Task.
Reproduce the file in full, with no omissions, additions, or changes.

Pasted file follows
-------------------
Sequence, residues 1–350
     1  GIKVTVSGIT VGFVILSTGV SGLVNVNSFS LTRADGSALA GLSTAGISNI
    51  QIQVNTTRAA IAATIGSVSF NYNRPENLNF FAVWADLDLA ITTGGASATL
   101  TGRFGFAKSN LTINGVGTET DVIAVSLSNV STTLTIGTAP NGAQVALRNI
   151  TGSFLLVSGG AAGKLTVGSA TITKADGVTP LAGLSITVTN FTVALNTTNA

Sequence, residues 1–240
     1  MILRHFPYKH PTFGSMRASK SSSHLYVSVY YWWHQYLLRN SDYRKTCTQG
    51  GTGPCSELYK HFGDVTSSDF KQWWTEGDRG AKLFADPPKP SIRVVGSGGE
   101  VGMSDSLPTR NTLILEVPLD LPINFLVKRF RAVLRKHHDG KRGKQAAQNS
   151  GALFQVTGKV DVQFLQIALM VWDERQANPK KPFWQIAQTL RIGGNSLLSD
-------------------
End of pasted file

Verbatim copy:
Sequence, residues 1–350
     1  GIKVTVSGIT VGFVILSTGV SGLVNVNSFS LTRADGSALA GLSTAGISNI
    51  QIQVNTTRAA IAATIGSVSF NYNRPENLNF FAVWADLDLA ITTGGASATL
   101  TGRFGFAKSN LTINGVGTET DVIAVSLSNV STTLTIGTAP NGAQVALRNI
   151  TGSFLLVSGG AAGKLTVGSA TITKADGVTP LAGLSITVTN FTVALNTTNA

Sequence, residues 1–240
     1  MILRHFPYKH PTFGSMRASK SSSHLYVSVY YWWHQYLLRN SDYRKTCTQG
    51  GTGPCSELYK HFGDVTSSDF KQWWTEGDRG AKLFADPPKP SIRVVGSGGE
   101  VGMSDSLPTR NTLILEVPLD LPINFLVKRF RAVLRKHHDG KRGKQAAQNS
   151  GALFQVTGKV DVQFLQIALM VWDERQANPK KPFWQIAQTL RIGGNSLLSD